“I can’t sit still.”

“I can’t make my mind stop.”

“I don’t like meditation.”

Have you found yourself saying these things? If sitting meditation isn’t for you, yet you want the benefits that come from these practices, you may want to try a gentle movement practice such as “Brain Break.”

In this 12-minute video, John Kavanaugh, recreation assistant from the VA Nebraska-Western Iowa Health Care System, offers a series of Qigong movements and breathing practices that will bring you a sense of calm.

So, let’s talk about breathing. The breath is with us from the moment we are born until the moment we die, but how often do we stop to notice it? I promise you that if you just stop to notice yourself taking three deep breaths every hour, your life will improve in wonderful ways.

Why is breathing important? It keeps us alive! Sometimes our breath can feel shallow and/or fast. For some people, this can happen all the time. For others, it can happen when they are stressed, in pain, panicked or anxious. Many people may not even realize this is happening. When your breath becomes shallow and fast, your nervous system becomes more stressed (“fight or flight”) instead of relaxed (“rest and digest”).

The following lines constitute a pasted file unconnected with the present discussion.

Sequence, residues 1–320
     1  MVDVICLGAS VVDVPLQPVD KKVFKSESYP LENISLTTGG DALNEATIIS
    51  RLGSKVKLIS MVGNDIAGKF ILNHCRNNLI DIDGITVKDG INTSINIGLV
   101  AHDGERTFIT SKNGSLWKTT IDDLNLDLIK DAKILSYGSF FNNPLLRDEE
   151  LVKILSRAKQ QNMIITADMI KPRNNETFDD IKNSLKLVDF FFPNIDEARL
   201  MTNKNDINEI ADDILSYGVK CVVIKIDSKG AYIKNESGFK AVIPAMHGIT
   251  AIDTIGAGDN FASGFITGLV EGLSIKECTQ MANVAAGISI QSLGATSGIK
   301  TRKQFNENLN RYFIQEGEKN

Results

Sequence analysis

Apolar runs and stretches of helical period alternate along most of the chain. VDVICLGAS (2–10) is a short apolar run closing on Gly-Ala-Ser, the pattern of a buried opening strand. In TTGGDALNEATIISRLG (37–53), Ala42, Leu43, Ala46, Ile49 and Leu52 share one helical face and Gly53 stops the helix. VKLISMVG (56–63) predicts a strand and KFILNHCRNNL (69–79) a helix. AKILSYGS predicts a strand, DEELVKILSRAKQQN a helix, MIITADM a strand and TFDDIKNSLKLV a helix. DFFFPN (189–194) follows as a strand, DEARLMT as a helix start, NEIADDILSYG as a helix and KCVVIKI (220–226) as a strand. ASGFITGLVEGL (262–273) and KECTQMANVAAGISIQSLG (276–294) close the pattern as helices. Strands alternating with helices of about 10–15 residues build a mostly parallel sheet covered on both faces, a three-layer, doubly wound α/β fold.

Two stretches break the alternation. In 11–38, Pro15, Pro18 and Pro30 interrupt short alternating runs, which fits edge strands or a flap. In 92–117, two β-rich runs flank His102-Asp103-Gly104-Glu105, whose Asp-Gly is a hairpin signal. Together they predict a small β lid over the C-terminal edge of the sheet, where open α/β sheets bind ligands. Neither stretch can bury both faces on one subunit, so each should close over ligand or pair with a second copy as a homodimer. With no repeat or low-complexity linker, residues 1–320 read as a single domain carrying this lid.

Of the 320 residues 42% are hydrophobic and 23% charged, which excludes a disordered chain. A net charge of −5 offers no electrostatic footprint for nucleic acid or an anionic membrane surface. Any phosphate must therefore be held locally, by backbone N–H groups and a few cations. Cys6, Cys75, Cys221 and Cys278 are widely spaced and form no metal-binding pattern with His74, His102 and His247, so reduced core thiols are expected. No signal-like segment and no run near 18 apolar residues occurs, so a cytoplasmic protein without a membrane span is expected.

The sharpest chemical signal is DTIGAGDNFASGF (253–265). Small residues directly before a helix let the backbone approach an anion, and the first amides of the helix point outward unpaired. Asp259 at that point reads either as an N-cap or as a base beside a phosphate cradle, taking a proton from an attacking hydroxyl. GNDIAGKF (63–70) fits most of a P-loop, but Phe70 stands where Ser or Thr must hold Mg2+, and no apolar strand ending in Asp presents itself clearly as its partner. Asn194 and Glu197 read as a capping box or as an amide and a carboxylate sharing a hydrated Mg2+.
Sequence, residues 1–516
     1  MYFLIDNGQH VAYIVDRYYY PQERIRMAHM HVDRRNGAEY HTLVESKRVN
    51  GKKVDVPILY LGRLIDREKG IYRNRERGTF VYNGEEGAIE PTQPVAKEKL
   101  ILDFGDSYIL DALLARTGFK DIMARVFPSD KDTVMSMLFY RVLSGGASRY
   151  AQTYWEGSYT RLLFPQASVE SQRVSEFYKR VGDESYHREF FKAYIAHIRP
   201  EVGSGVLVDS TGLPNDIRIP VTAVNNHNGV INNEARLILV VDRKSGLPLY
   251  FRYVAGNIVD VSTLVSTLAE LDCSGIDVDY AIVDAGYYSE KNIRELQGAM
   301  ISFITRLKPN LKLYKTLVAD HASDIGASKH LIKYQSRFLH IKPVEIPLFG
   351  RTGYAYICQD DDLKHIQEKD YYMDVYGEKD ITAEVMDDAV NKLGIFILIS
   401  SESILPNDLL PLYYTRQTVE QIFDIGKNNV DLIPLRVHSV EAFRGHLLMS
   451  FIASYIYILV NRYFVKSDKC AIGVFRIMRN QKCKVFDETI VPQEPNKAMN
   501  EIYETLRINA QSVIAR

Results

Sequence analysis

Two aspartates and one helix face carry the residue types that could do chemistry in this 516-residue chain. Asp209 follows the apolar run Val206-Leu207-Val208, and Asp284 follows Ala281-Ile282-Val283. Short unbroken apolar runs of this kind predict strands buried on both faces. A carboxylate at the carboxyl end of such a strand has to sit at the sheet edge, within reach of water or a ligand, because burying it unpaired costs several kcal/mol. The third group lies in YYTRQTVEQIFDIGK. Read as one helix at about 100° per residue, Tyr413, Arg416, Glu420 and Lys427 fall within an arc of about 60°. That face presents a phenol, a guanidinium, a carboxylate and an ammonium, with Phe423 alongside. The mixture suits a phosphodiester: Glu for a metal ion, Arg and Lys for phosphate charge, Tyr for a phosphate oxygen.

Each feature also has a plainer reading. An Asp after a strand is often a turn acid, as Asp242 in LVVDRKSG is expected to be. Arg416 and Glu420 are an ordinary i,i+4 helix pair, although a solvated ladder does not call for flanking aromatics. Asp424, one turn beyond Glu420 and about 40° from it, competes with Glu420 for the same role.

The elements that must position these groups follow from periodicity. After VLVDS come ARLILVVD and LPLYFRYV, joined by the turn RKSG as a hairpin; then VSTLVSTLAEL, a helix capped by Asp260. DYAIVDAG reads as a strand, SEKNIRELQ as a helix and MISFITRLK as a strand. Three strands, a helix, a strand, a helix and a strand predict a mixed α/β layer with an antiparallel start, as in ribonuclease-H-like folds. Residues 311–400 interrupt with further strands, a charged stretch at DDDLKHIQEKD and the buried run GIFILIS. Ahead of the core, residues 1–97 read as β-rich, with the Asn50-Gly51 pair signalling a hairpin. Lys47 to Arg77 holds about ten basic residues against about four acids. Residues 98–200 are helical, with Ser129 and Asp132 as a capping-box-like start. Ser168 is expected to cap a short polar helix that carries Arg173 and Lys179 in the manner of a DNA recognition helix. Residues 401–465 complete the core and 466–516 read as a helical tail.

It’s beneficial to try and take deep, slow breaths, and practicing breathing exercises can help you breathe in a more relaxed way more of the time. This is better for your health.

There are many benefits to relaxed breathing. It can help your body and mind become calm. It can help you deal with stress. Practicing breathing before bed can help you fall asleep. Studies show that breathing exercises can help lower blood pressure. And,  breathing exercises are often used along with other treatments and self-care tools.

Learn more about the amazing power of the breath here: https://www.va.gov/WHOLEHEALTH/Veteran-Handouts/docs/BreathingAndHealth-508Final-9-4-2018.pdf.


Andrea Young is a field implementation team consultant with VA’s Office of Patient Centered Care & Cultural Transformation.

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Published on Jun. 28, 2021

Estimated reading time is 1.7 min.

Views to date: 346

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